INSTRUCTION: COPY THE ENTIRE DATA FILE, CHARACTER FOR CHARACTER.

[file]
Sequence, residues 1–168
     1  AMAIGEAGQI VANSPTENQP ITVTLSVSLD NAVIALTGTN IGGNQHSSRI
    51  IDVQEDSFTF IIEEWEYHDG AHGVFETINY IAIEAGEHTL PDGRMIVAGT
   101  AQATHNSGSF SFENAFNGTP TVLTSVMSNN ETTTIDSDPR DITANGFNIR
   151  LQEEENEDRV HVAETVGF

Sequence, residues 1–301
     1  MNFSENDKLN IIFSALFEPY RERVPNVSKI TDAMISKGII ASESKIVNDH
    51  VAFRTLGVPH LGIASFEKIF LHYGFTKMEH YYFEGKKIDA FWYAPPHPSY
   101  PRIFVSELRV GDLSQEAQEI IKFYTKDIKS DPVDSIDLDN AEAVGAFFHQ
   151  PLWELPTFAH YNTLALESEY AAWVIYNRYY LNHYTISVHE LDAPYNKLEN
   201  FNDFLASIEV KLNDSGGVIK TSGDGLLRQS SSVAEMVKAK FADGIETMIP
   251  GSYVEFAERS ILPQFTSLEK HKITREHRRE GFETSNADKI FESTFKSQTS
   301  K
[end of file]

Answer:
Sequence, residues 1–168
     1  AMAIGEAGQI VANSPTENQP ITVTLSVSLD NAVIALTGTN IGGNQHSSRI
    51  IDVQEDSFTF IIEEWEYHDG AHGVFETINY IAIEAGEHTL PDGRMIVAGT
   101  AQATHNSGSF SFENAFNGTP TVLTSVMSNN ETTTIDSDPR DITANGFNIR
   151  LQEEENEDRV HVAETVGF

Sequence, residues 1–301
     1  MNFSENDKLN IIFSALFEPY RERVPNVSKI TDAMISKGII ASESKIVNDH
    51  VAFRTLGVPH LGIASFEKIF LHYGFTKMEH YYFEGKKIDA FWYAPPHPSY
   101  PRIFVSELRV GDLSQEAQEI IKFYTKDIKS DPVDSIDLDN AEAVGAFFHQ
   151  PLWELPTFAH YNTLALESEY AAWVIYNRYY LNHYTISVHE LDAPYNKLEN
   201  FNDFLASIEV KLNDSGGVIK TSGDGLLRQS SSVAEMVKAK FADGIETMIP
   251  GSYVEFAERS ILPQFTSLEK HKITREHRRE GFETSNADKI FESTFKSQTS
   301  K